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Shale gas exploration go-ahead hailed by businesses but slammed by campaigners


Caroline Lucas said ministers ignored local people who objected to plans for shale gas exploration

Caroline Lucas said ministers ignored local people who objected to plans for shale gas exploration

Caroline Lucas said ministers ignored local people who objected to plans for shale gas exploration

The Government's decision to allow shale gas exploration in Lancashire has been welcomed by business groups but prompted dismay among anti-fracking campaigners.

Green Party MP Caroline Lucas, who took part in protests against fracking in Balcombe, West Sussex, in 2013, said ministers had ignored local people who had objected to the plans.

"Today's decision shows the yawning gap between the Government's rhetoric and the reality of their policies - and it will send a shiver down the spine of the many people up and down the country fighting fracking.

"Ministers promise to support "ordinary people" but have ignored the people of Lancashire - including local and district councillors and the overwhelming majority of local people who objected to these reckless plans."

And she said: "Fracking is a dirty, expensive and dangerous gamble with our environment, security and economy. We should be choosing an energy system powered by the renewable sources that we have in abundance and keep fossil fuels in the ground."

But the British Chambers of Commerce said the decision sent an important and positive signal on the UK's future energy security.

Acting director general Adam Marshall said: "We need to explore the potential for shale gas to make a contribution to our energy mix, alongside both nuclear and renewables.

"Tapping domestic energy resources creates both energy security and jobs here at home, and seems a much better alternative to dependence on supplies from overseas."

Babs Murphy, chief executive of the North & Western Lancashire Chamber of Commerce said: "Developing a viable shale industry in Lancashire will have positive economic implications for the region in terms of investment, jobs and supply chain engagement, and has the potential to provide security of energy supply to regional manufacturers.

"This announcement means that local businesses will be in pole position for future shale gas supply chain opportunities in the county."

But there were warnings that despite the go-ahead, shale gas may not take off as an industry in the UK.

Prof Jim Watson, director of the UK Energy Research Centre (UKERC), said: "The economics of shale extraction in the UK are still highly uncertain, and it is not known whether shale production will deliver gas cheaper than that currently used by UK consumers.

"The costs of UK shale will not be clearer until a significant amount of exploratory drilling takes place.

"But even if shale gas development turns out to be economic, it is unlikely to have a noticeable impact on the energy bills of UK consumers," he said.

Ken Cronin, chief executive of industry body UK Onshore Oil and Gas (UKOOG) said: "The approval of the application at Preston New Road is an important step forward towards determining what gas resources we have under our feet, with the aim of developing a sustainable onshore natural gas exploration industry in the UK.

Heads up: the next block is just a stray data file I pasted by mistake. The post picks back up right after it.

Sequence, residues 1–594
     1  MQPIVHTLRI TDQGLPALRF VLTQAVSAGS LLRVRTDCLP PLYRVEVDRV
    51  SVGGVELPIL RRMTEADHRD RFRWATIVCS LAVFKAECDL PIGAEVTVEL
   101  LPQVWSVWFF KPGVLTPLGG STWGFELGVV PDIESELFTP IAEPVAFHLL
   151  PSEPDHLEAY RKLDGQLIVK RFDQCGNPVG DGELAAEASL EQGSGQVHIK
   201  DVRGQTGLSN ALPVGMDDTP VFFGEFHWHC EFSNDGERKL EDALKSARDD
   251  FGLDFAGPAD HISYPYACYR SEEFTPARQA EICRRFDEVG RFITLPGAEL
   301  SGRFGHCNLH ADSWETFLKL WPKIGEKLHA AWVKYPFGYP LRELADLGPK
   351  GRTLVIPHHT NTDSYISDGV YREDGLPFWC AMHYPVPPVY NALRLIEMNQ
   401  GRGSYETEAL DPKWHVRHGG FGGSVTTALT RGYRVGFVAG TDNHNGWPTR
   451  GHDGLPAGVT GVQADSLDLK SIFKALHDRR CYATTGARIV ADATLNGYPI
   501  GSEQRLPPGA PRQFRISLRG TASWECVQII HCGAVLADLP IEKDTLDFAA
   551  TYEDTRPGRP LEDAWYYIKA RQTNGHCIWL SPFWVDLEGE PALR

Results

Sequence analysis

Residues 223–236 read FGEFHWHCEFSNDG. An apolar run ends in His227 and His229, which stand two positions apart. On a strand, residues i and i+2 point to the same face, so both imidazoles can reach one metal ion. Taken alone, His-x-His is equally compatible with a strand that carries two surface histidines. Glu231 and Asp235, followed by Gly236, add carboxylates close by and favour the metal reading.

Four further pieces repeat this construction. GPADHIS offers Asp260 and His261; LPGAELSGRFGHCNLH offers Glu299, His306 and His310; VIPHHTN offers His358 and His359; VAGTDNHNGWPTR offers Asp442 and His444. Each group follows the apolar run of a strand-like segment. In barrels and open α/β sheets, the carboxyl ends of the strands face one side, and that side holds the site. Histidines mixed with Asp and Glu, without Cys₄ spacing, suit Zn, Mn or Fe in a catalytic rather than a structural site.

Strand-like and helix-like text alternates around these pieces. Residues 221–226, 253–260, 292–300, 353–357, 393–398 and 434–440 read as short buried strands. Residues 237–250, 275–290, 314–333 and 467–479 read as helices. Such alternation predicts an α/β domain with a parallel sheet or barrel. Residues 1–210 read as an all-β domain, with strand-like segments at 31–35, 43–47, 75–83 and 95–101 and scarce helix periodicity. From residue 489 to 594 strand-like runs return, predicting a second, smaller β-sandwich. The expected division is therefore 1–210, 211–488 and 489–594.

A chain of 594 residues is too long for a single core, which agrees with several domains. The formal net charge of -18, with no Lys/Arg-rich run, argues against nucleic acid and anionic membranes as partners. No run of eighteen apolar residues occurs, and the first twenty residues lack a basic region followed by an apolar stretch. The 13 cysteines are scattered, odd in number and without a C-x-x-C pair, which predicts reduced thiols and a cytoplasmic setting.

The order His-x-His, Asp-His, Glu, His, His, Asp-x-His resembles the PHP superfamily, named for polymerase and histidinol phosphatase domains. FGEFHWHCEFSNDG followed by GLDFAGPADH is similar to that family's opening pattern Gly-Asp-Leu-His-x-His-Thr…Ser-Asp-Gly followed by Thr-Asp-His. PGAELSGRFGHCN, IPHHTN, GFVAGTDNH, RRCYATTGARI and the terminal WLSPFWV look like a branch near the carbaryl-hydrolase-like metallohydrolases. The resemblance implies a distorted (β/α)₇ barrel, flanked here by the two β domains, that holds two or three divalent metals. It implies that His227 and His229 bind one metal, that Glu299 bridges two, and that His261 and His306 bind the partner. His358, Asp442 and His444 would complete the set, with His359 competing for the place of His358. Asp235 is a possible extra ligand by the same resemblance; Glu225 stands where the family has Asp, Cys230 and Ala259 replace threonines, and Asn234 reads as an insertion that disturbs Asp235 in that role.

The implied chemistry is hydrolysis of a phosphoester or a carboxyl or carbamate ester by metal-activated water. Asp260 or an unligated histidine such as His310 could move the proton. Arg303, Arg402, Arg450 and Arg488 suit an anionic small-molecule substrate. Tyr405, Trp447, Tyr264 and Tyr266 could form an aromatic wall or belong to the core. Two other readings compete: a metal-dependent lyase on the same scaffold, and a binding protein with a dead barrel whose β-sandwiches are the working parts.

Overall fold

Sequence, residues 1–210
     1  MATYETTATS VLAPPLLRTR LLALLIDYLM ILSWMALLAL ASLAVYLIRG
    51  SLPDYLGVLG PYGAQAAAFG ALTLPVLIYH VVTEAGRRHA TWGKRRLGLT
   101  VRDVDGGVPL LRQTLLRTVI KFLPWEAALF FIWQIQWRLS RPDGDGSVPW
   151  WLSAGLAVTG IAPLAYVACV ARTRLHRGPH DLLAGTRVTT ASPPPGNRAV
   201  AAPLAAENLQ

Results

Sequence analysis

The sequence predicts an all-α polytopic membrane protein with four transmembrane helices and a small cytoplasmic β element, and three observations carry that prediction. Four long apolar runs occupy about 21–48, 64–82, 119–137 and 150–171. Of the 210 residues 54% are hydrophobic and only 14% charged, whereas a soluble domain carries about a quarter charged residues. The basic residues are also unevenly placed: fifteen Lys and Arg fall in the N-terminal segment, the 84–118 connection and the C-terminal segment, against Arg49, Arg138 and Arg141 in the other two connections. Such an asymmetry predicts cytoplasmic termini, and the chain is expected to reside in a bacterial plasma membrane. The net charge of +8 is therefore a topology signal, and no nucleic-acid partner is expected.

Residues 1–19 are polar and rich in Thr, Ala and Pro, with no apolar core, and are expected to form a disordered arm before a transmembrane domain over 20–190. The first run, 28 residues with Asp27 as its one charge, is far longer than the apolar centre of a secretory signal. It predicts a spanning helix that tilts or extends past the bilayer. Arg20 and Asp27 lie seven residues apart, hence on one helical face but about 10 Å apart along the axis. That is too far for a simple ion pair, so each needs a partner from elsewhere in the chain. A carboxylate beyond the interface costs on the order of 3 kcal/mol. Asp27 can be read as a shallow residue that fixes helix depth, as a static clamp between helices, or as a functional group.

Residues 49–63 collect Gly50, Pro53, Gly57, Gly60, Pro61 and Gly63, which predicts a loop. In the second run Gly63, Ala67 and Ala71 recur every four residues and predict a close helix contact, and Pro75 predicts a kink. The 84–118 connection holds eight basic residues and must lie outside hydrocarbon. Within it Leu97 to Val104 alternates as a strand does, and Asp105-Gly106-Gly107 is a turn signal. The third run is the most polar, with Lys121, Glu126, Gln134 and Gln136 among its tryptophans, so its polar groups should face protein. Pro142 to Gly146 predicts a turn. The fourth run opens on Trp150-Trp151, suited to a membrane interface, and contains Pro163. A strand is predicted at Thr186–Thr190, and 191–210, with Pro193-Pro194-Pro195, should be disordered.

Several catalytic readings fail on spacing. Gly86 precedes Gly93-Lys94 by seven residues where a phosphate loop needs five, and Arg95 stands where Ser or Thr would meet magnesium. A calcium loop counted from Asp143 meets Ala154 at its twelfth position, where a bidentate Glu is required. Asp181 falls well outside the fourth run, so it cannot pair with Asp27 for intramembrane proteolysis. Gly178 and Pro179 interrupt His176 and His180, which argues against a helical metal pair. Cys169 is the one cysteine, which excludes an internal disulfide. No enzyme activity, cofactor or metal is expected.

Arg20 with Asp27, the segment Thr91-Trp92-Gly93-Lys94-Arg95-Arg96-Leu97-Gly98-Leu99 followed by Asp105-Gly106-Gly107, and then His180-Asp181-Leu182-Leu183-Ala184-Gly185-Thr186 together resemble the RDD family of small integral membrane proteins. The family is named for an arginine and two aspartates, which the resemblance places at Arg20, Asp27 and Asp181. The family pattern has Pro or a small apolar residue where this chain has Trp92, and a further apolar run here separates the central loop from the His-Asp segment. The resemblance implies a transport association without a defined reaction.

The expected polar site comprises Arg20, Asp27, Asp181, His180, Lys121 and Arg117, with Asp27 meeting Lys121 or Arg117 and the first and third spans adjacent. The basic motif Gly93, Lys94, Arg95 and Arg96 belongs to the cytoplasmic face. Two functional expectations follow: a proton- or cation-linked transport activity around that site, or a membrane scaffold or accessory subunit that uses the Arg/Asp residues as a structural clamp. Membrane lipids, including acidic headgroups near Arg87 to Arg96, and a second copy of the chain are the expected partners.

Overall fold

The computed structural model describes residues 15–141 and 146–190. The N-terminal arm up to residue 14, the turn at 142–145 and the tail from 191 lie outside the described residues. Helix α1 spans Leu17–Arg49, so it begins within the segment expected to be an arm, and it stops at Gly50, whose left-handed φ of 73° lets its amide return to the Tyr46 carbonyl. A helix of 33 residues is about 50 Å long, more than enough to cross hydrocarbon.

"We need the gas to heat our homes, produce electricity, supply our industries and to reduce our dependency on imports.

"The onshore oil and gas industry is committed to producing this gas in the safest and most environmentally sensitive way possible and to creating jobs and opportunities in the supply chain."

Emma Pinchbeck, head of climate change and energy at WWF-UK, said the announcement took the UK further away from meeting legal "carbon budgets" which require the electricity system to produce close to zero emissions by 2032.

"The Government should be spending its time and resources focusing on the development and implementation of clean renewable energy sources, rather than fossil fuels that will impact on our ability to tackle climate change," she said.

"This decision has wilfully ignored science, sensible business, and the views of the local community who will be negatively affected for decades to come."

In the wake of the move, there were concerns that the Government was not treating different energy sources equally, favouring fracking above renewables - even though the clean energy sources are more popular with the public.

Cecily Spelling, campaigner at climate organisation 10:10, said: "Sajid Javid has justified this undemocratic decision by insisting that we have to use the resources we have in this country.

"So let's do that - the UK has the best onshore wind resource in Europe. It's the cheapest option for new power, and very popular with British people, especially compared to fracking.

When it comes to onshore wind, the Government told us they want to 'put communities in the driving seat' - then introduced planning rules that are so draconian they actually stop communities from doing their own wind projects even when they want to.

"Yet when communities reject fracking, they now have it forced on them by central government."

Industry body RenewableUK's chief executive Hugh McNeal said: "The UK needs a wide range of energy sources to keep people's electricity bills down.

"Onshore wind is the cheapest form of new build power generation available in Britain, so makes sense to include it in our energy mix.

"All we want is the chance to compete, to show the industrial and consumer benefits new onshore wind can bring Britain."